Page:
There were various Killing Fields set up around the country and one of the largest was Choeung Ek, only 17km outside the city. Prisoners would be transferred in the middle of the night and initially killed within a day of their arrival.
Towards the end of the regime too many prisoners were arriving to keep up so they would be housed in communal rooms until their time.
Large speakers hung from trees would broadcast political propaganda songs to mask the sound of the killings from nearby residents.
To save money on bullets prisoners would be killed by whatever means available, including beating with farm tools and their bare hands.
Female prisoners with babies and children would have them taken from them. There was a particular tree, which is now adorned with various mementos and tributes, where babies and young children would be swung into the trunk until they were dead, or nearly dead, before being thrown into a pit. After seeing this the mother would then be killed.
The audio guide explained that in particularly rainy periods as the mud and ground shifts new bones and clothing fragments are exposed.
It was a surreal feeling walking around this place of unimaginable horror which today has been transformed into a calm and peaceful field with trees, birds and butterflies and a quiet lake. Buried beneath are the remains of approximately a million victims of the Khmer Rouge.
I am very glad I visited these places and ashamed that I did not know enough about this recent atrocity beforehand.
“Never Again!” was a claim after the facts of the Nazis in Germany came to light and yet 30 years later not only did the world stand by as a dictator committed genocide against his people, the UK actively helped them.
I am very grateful to Style Motorbikes who assisted me during this trip. I have not been paid to recommend them, however I would happily encourage anyone looking to rent a bike in Vietnam to check them out. This route was mostly their recommendation with some personal touches along the way.Accommodation is everywhere so grab a bike and get exploring!
Finally you may be wondering why I use the names Ho Chi Minh City and Saigon interchangeably, I explain this at the end.
Day 1 – Hanoi to Mai Chau – 140km
Tip: Before leaving Hanoi make sure you have explored the sites in the city and Halong Bay. I recommend visiting Halong Bay on an organised tour rather than riding there. Most operators offer free, or low cost, hotel transfer to the boats. Having watched as my bus driver fought the traffic on some rather shabby roads it would be a long and stressful first ride to meet the boat on time on your own, especially if that was your first day riding in Vietnam.
Picking up the bike and seeing my luggage strapped to the back for the very first time I felt a strange combination of the most excited, and most terrified, I had been during my whole trip so far. I hadn’t ridden in several years and the idea of being let loose on the crazy streets of Vietnam got the adrenaline pumping.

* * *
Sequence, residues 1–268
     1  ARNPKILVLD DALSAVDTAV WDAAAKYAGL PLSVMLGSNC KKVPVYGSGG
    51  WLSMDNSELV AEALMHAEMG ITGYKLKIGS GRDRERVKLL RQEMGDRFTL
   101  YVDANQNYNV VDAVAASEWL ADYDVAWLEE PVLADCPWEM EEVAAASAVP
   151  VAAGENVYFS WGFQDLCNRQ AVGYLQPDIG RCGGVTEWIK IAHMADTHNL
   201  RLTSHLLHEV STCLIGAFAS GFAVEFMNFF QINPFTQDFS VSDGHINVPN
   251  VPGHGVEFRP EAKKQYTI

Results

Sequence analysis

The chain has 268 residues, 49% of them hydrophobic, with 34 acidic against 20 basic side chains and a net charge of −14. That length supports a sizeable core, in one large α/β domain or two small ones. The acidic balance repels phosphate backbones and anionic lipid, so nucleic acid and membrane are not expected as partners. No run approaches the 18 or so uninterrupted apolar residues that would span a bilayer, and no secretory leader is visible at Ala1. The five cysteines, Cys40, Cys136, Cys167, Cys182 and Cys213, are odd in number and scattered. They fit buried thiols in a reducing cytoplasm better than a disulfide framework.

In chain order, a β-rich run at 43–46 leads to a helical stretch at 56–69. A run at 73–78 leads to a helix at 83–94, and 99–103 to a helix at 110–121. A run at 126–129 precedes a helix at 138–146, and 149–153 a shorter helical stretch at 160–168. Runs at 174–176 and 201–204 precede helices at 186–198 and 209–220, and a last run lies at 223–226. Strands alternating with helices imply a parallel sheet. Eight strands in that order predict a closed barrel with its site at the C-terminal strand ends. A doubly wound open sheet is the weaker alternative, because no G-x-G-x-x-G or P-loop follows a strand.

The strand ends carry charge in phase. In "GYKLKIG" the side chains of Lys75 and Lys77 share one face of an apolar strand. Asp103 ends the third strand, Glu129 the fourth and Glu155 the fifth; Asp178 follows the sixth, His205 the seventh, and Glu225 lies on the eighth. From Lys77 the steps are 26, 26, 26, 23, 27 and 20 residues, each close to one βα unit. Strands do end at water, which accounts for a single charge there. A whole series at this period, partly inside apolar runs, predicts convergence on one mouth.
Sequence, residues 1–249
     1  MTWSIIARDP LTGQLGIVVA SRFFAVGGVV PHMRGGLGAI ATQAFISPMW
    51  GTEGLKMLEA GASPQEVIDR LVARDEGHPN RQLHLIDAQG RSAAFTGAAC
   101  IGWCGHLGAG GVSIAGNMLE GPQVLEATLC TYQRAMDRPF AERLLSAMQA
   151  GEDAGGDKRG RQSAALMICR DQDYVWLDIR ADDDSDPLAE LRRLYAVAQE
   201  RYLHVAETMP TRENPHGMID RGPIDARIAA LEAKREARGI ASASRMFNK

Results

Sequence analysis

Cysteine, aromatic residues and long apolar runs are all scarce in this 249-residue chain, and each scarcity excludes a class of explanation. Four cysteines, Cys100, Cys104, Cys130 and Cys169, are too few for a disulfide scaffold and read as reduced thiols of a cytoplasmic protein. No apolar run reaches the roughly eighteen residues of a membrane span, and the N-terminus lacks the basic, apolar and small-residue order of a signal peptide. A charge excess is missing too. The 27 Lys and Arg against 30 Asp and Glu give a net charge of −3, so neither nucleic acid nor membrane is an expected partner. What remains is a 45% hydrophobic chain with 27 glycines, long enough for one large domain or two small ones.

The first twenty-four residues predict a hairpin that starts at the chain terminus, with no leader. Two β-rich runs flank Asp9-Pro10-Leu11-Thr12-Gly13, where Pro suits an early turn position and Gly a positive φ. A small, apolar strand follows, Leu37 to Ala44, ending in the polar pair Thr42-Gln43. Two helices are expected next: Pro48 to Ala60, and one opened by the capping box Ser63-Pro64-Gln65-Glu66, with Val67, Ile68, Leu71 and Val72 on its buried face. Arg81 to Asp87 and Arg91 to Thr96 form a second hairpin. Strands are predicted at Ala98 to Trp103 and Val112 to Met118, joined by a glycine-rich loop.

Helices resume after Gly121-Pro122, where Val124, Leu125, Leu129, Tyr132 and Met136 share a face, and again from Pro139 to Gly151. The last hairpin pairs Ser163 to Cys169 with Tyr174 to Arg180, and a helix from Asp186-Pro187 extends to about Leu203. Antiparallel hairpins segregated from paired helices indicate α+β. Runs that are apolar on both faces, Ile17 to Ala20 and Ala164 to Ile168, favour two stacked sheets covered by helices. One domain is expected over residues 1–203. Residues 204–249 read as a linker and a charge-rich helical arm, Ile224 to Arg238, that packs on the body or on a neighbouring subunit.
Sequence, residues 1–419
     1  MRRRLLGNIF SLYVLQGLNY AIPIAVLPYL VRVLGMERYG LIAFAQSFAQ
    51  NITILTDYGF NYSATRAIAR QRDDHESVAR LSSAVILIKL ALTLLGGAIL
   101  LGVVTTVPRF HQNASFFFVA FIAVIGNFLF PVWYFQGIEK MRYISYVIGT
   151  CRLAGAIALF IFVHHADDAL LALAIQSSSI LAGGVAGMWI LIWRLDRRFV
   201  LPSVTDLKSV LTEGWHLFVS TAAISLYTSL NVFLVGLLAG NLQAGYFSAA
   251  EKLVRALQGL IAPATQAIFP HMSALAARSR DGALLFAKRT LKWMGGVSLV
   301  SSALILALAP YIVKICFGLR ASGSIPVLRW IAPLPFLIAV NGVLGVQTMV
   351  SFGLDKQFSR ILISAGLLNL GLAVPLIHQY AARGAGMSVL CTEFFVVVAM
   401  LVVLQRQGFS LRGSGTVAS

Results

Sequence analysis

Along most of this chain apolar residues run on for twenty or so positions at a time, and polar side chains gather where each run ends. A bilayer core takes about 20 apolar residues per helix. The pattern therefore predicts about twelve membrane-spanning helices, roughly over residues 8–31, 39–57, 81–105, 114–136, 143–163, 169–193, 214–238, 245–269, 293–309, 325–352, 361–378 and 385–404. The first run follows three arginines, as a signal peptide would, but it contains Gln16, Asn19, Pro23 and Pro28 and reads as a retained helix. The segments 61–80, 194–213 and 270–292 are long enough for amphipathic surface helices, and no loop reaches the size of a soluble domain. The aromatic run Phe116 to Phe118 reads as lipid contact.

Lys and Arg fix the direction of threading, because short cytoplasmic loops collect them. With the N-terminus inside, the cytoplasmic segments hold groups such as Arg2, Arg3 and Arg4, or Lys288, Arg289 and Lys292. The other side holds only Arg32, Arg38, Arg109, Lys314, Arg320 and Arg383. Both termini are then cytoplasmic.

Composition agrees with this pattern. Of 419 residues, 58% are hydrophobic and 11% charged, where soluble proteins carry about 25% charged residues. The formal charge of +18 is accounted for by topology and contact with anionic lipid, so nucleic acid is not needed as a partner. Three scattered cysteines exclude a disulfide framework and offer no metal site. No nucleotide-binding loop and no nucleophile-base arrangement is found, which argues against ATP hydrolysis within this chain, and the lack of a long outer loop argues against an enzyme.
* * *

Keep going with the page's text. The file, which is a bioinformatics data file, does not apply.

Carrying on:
The first hurdle was finding petrol. As the bikes are all kept inside the shops overnight they have just enough fuel in them to get to the petrol station. Waving goodbye to the helpful staff I pulled onto the main road and immediately had to cross 4 lanes of traffic to get to an exit on the other side of the dual carriageway. Still wondering if I had made the right decision I quickly came across the petrol station and watched the cost tick up in the hundreds of thousands for a couple of litres of fuel, just like being at home!
Fully fuelled and having checked the map it was time for the hardest part of the next 2 weeks, escaping Hanoi. Traffic in the cities is hard to imagine. Lane markings, one way streets, traffic lights, all of these are advisory it seems as hundreds of mopeds and bikes fight for space amongst the cars, buses and trucks in an amazing ballet that leaves you mystified how there aren’t more crashes. Horns blare and lights flash as you’re passed on both sides with vehicles travelling in all directions. This is not for the faint hearted!
The best advice I heard too late is to find a Grab driver (think Uber on a bike) and ask them to lead the way out of the city so all you have to do is follow them.
Instead I slowly made my way from junction to junction, stopping every few hundred metres to check Google Maps, occasionally finding myself in a swarm of mopeds sitting perilously exposed across lanes of cross traffic and hoping the adage about safety in numbers was true.
Eventually the roads widened and the high rises fell away leaving only pot holes, the odd cow and an endless parade of street food vendors.
Here it started to become enjoyable. The average speed increased to a dizzying 40km/h (25mph!) and I was able to relax a little and appreciate the scenery.
The route to Mai Chau involves generally sticking to the main road and heading straight and there are plenty of road side huts providing food and drink if you need it.
As you get farther away from Hanoi the countryside begins to show its beauty with gigantic limestone monoliths, similar to those found in the waters of Halong Bay, surrounded by mountains and lush green forests. You could stop a hundred times to take photos on the way and still miss things.
About 100km in you’ll start heading up into the mountains themselves. The climb is quite impressive and there is a noticeable temperature drop as you rise higher and higher.